- Thank you for the offer to stay. I’ve thought about it, and I’m going to decline in order to honor the commitment I’ve made to the new job.
Tell Your Teammates
Once management has your resignation letter, it’s time to tell your team. Announce your resignation according to the plan you’ve set with your manager. Check in and see if there’s anything they’d like you to document before you go. This could be a screen recording of certain software processes, project management workflows, notes from recent meetings, etc. Ensure the right people on your team have login access to any online tools you are using and ensure any files are made accessible in a shared location. Part of a successful transition is making sure all involved parties are comfortable and functioning by the time you leave.
Leaving on good terms means giving your best work and remaining engaged right up through your last day. This will be beneficial in case there is an opportunity to return to the company at any time in the future. Finish or transition as many of your projects as possible before your last day. If there’s anything leftover, communicate exactly what still needs to be done so the team can be set up for success.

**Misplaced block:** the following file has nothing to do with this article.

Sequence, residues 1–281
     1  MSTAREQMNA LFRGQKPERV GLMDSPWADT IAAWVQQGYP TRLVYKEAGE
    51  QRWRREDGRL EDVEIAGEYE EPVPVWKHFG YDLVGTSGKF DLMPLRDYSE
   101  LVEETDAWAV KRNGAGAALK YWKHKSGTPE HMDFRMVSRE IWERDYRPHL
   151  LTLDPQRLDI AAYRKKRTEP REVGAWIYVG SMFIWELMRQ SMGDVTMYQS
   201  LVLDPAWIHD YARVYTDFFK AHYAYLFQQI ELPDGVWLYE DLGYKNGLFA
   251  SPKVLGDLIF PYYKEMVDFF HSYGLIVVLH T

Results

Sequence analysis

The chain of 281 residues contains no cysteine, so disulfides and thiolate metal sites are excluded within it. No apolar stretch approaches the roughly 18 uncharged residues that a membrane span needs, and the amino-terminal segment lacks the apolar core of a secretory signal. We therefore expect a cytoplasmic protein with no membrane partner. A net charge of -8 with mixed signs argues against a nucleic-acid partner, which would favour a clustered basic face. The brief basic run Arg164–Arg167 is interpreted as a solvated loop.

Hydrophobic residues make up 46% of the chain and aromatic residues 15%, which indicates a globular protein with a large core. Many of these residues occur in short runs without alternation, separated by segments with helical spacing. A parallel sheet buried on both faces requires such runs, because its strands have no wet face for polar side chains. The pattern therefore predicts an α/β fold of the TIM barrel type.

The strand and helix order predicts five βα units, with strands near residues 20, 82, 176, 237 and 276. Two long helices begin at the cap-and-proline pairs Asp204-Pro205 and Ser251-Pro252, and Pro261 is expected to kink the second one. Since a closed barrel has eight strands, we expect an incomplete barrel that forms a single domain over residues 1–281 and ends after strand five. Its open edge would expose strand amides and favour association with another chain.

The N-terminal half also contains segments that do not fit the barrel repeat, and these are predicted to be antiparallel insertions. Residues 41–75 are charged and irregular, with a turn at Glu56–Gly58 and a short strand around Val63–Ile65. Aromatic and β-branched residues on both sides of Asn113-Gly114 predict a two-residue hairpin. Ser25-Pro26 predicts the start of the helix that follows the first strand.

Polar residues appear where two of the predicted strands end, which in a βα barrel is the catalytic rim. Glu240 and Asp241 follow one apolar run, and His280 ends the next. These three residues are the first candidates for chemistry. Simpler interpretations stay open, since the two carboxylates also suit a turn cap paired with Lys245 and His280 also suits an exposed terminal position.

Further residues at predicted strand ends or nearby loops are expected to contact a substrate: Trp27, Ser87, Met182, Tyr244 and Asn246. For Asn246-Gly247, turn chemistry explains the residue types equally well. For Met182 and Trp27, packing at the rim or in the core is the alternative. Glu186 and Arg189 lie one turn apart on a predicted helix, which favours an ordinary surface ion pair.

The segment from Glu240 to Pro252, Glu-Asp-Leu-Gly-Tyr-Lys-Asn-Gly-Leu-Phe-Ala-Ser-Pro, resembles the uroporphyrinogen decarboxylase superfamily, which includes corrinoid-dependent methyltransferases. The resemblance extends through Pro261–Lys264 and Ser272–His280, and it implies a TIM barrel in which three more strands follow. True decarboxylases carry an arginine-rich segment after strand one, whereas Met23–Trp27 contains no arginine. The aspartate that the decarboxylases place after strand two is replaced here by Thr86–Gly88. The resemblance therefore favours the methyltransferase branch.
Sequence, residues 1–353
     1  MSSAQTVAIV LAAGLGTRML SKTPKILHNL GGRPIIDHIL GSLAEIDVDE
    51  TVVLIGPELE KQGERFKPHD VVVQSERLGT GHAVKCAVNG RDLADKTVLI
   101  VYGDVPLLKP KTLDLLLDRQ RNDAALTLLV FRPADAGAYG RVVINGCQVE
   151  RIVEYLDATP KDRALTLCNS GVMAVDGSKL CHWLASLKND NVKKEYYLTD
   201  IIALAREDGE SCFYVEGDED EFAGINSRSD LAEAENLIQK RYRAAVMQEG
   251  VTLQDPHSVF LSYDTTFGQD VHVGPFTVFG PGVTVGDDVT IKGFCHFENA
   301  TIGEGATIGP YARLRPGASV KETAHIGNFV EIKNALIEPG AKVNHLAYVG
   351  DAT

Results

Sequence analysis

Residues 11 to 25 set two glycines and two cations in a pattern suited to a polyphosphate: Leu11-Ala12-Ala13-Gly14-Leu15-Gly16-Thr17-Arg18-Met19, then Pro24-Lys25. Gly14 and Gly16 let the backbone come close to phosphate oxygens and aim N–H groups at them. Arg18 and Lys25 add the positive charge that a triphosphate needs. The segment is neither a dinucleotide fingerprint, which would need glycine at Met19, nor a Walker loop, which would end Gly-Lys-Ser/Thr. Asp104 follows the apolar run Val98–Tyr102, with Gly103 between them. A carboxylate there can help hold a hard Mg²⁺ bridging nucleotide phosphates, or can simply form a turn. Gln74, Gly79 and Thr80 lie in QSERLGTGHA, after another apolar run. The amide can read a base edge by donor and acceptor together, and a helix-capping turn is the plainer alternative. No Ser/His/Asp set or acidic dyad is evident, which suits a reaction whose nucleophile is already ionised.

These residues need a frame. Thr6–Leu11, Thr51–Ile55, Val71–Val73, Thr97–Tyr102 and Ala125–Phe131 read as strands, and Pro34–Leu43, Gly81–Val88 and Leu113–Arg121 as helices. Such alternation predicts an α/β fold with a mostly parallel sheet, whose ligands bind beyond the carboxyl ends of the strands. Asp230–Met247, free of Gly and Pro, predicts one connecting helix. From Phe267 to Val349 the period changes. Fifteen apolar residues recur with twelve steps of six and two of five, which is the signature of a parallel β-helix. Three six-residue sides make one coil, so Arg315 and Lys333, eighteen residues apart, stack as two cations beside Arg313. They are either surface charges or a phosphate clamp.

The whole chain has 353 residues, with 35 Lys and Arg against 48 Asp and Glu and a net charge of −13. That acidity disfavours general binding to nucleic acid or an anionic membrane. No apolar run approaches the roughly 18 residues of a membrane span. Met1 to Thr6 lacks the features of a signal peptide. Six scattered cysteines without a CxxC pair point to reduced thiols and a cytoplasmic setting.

Regardless of why you’re leaving, maintain positive communication on your team and about the company. Set aside time to write personal farewell messages to coworkers or invitations to stay in touch (based on your preference), as well as share your contact information to maintain your professional connections. A brief farewell note with key information on how to reach you and a few upbeat sentiments will make your departure easier.
Your Last Day
On your last day, write out any last-minute instructions your team might need. Turn in all company property and collect personal belongings from your workspace. Ensure you’ve communicated with HR and payroll and submitted any exit paperwork or final timesheets. Finally, send your farewell message and look forward to your next adventure!
Congratulations on your new position, you’re going to be great! Before you begin, here are some tips to help you have a great first day.